People are instinctively tribal; it is easy to fear the alien and imagine doing violence against those you have never met. To kill an individual who has broken bread with you or who welcomed you as a brother in Christ is, to me, more profoundly evil. Although I am not as dismissive as Ms. Smith of the role ideology plays in violence, I suspect our worst instincts are rooted in an atavistic bloodlust that has taken centuries of prosperity and civilized debate to temper. Empathy is an emotion easy to lose and hard to preserve.
There is some hope, though. Ms. Smith closes with an imitation of the opening of Marcus Aurelius’ Meditations. She thanks those relatives, friends, and teachers who invested time and love to make her a better person. There are still acts of mutual kindness and sympathy in our society, and we shouldn’t forget this in our uglier moments of hate toward one other. By reaching out, especially in a time when we are both spiritually and physically distant from one another, we might touch the common chord of affection that makes our species unique.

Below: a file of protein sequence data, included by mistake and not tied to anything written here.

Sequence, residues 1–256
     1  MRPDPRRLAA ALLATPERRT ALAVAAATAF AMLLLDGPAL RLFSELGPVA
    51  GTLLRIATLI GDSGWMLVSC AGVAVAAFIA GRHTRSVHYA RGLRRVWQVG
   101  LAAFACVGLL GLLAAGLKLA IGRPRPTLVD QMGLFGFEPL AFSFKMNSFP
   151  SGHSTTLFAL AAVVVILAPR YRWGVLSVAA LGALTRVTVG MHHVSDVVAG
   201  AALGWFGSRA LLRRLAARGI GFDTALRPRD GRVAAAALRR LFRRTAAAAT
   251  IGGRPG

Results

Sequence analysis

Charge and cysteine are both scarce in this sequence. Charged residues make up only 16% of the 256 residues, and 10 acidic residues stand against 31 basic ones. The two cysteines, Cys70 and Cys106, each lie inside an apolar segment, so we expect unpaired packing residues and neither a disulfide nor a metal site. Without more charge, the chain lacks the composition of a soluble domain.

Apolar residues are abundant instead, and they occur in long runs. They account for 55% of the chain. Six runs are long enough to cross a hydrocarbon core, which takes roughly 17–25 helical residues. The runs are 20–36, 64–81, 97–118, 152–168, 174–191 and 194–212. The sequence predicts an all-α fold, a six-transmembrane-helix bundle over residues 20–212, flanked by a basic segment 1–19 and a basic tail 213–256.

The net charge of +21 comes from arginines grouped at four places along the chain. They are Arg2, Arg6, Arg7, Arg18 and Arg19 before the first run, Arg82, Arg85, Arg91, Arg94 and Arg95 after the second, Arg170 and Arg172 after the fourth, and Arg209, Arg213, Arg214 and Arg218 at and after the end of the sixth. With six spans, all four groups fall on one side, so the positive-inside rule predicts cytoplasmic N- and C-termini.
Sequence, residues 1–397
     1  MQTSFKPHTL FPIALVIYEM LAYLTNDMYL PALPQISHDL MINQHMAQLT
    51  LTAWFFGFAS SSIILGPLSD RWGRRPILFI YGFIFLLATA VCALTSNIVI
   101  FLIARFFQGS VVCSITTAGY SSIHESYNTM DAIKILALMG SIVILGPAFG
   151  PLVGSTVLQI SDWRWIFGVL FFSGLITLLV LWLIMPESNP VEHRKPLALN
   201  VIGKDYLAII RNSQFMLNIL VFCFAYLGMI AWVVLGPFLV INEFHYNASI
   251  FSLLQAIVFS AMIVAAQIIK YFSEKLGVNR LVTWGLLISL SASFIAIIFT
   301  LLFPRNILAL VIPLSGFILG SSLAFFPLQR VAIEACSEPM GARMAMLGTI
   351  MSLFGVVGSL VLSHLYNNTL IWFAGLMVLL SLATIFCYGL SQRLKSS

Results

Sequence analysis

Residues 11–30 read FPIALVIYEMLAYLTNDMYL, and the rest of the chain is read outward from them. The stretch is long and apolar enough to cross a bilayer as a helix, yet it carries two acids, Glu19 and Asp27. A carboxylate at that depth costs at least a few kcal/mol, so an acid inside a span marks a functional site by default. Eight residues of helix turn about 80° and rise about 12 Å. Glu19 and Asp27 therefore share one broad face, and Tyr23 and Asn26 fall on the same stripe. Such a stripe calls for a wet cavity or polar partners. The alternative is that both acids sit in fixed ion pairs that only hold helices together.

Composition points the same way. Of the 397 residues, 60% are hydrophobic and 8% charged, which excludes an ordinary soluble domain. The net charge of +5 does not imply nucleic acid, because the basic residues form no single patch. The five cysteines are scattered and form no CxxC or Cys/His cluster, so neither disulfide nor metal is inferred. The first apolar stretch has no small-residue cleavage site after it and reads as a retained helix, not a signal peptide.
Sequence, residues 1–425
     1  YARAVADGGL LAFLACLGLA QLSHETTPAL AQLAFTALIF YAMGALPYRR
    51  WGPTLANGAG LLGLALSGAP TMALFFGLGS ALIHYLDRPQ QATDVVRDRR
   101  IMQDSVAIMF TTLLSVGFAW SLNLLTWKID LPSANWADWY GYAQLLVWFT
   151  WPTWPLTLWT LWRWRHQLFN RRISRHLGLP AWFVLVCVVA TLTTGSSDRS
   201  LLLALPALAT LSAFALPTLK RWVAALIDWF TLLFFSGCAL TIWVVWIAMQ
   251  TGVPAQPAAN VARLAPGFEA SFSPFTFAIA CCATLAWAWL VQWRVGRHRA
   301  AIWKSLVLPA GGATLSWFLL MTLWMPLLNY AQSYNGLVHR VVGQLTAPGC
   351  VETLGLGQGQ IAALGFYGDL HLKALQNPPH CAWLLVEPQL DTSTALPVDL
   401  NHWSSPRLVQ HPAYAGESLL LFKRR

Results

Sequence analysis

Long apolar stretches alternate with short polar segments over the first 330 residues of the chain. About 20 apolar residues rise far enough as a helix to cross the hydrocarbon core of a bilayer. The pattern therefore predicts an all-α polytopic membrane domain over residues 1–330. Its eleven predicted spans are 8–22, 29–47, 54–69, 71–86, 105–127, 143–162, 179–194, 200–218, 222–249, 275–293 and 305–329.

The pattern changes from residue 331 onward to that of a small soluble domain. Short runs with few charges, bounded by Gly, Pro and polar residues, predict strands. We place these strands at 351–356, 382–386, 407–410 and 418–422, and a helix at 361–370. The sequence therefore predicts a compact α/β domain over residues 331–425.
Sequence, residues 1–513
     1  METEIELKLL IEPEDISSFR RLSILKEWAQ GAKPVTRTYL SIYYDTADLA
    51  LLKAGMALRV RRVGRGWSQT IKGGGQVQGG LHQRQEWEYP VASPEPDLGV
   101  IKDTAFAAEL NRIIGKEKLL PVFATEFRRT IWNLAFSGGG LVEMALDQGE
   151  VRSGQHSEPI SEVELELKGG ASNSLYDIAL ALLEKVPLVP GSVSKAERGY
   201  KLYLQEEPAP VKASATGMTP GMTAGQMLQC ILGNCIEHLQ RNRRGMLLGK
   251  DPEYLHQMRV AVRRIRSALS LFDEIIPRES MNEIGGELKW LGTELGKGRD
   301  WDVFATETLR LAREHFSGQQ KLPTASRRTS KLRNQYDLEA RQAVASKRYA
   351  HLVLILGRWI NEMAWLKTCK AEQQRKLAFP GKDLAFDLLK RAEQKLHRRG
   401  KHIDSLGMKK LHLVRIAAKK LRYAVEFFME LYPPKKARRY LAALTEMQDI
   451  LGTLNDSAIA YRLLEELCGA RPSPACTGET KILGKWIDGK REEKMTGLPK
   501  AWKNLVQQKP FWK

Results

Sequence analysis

Robert Bolton can be reached with comments or suggestions at [email protected]